This may be why the second social media trend noted above–“fake followers”–is so troubling. The most socially contingent strategy we rely on to justify our beliefs is to adopt the observed beliefs of others in our community as our own. We often rely, in short, on social proof. This is something we apparently do from a very early age, and indeed, it would be difficult to obtain the knowledge needed to make our way through the world if we didn’t. When a child wants to know whether something is safe to eat, it is a useful strategy to see whether an adult will eat it. But what if we want to know whether a politician actually said something they were accused of saying on social media–or something a video posted online appears to show them saying? Does the fact that thousands of facebook accounts have “liked” the video justify any belief in what the politician did in fact say, one way or another?

Social proof has an appealingly democratic character, and it may be practically useful in many circumstances. But we should clearly recognize that the acceptance of a proposition as true by others in our community doesn’t have any necessary relation to actual truth. Your parents were wise to warn you that you shouldn’t jump off a cliff just because all your friends did it. We obviously cannot rely exclusively on social proof as a justification for belief. To this extent, as Ian Bogost put it, “all followers are fake followers.”

Still, the observation that social proof is an imperfect proxy for truth does not change the fact that it is–like the authority of video–something we have a defensible habit of relying on in (at least partially) justifying (at least some of) our beliefs. Moreover, social proof makes a particular kind of sense under a pragmatist approach to knowledge. As the pragmatists argued, the relationship between truth and proof is not a necessary one, because proof is ultimately not about truth; it is about communities. In Rorty’s words:

For the pragmatist … knowledge is, like truth, simply a compliment paid to the beliefs we think so well justified that, for the moment, further justification is not needed. An inquiry into the nature of knowledge can, on his view, only be a socio-historical account of how various people have tried to reach agreement on what to believe.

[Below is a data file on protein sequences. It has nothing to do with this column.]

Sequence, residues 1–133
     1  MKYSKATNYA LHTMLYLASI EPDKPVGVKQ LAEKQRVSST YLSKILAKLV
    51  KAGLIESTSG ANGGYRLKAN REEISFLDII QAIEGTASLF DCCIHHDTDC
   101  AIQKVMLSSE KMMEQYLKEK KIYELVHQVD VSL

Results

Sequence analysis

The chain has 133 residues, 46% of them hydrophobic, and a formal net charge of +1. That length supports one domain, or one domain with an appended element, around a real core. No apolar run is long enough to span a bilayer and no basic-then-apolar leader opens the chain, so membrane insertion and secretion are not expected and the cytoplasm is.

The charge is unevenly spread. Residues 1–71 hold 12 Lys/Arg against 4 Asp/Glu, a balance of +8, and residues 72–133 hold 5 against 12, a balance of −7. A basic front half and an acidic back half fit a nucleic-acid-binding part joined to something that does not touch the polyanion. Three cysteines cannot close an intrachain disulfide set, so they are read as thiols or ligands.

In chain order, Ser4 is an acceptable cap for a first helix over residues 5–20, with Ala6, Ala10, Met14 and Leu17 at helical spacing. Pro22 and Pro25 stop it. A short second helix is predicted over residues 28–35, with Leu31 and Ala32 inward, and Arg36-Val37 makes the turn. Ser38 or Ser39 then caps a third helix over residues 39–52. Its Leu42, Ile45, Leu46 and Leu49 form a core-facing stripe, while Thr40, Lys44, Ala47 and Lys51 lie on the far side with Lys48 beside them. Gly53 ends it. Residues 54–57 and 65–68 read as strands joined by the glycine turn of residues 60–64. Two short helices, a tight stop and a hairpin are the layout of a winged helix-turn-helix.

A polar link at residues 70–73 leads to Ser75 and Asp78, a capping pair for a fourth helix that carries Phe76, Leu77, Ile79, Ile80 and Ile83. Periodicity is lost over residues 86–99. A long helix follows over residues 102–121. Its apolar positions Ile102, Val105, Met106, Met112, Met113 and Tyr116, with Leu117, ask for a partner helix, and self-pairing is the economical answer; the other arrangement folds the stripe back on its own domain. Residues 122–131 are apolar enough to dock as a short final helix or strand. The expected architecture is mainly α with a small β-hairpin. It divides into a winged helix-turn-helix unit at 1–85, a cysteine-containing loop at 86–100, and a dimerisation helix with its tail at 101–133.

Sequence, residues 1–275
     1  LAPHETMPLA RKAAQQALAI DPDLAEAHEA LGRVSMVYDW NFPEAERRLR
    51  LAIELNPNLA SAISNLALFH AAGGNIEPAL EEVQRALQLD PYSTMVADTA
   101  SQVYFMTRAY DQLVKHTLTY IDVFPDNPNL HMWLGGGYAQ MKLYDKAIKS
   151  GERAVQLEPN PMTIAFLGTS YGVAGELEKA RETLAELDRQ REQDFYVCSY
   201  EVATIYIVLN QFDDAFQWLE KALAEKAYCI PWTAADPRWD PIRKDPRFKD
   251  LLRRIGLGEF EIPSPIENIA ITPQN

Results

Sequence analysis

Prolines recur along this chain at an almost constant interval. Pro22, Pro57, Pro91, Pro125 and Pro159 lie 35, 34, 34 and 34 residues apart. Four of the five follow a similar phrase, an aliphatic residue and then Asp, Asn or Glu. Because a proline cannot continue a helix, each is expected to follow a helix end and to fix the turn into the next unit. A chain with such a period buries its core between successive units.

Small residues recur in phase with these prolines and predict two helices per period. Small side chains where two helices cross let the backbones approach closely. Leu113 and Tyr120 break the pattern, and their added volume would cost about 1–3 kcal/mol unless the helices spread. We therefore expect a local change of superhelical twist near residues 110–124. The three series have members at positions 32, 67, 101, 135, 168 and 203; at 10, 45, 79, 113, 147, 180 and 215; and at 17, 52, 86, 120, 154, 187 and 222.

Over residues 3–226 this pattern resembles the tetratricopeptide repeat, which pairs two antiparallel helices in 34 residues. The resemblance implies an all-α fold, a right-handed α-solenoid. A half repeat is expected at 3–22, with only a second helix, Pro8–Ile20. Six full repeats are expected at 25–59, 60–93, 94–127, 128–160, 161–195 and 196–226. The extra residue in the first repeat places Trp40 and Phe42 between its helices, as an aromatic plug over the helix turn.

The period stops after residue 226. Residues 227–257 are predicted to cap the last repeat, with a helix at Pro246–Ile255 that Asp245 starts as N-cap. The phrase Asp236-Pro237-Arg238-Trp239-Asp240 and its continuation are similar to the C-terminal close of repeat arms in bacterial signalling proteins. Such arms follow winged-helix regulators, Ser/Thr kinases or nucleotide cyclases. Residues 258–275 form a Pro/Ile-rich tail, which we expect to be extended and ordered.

Whether we frame them in terms of Kuhnian paradigms or cultural cognition, we are all familiar with examples of different communities asserting or disputing truth on the basis of divergent or incompatible criteria of proof. Organs of the Catholic Church once held that the Earth is motionless and the sun moves around it–and banned books that argued the contrary–relying on the authority of Holy Scripture as proof. The contrary position that sparked the Galilean controversy–eppur si muove–was generated by a community that relied on visual observation of the celestial bodies as proof. Yet another community might hold that the question of which body moves and which stands still depends entirely on the identification of a frame of reference, without which the concept of motion is ill-defined.

For each of these communities, their beliefs were justified in the Jamesian sense that they “worked” to meet the needs of individuals in those communities at those times–at least until they didn’t. As particular forms of justification stop working for a community’s purposes, that community may fracture and reorganize around a new set of justifications and a new body of knowledge–hopefully but not necessarily closer to some objective notion of truth than the body of knowledge it left behind. Even if we think there is a truth to the matter–as one feels there must be in the context of the physical world–there are surely multiple epistemic criteria people might cite as justification for believing such a truth has been sufficiently identified to cease further inquiry, and those criteria might be more or less useful for particular purposes at particular times.

This is why the increasing unreliability of video evidence and social proof are so troubling in our own community, in our own time. These are criteria of justification that have up to now enjoyed (rightly or wrongly) wide acceptance in our political community. But when one form of justification ceases to be reliable, we must either discover new ones or fall back on others–and either way, these alternative proof strategies may not enjoy such wide acceptance in our community. The real danger posed by deepfakes is not that recorded truth will somehow get lost in the fever swamps of the Internet. The real danger posed by fake followers is not that half a million “likes” will turn a lie into the truth. The deep threat of these new phenomena is that they may undermine epistemic criteria that bind members of our community in common practices of justification, leaving only epistemic criteria that we do not all share.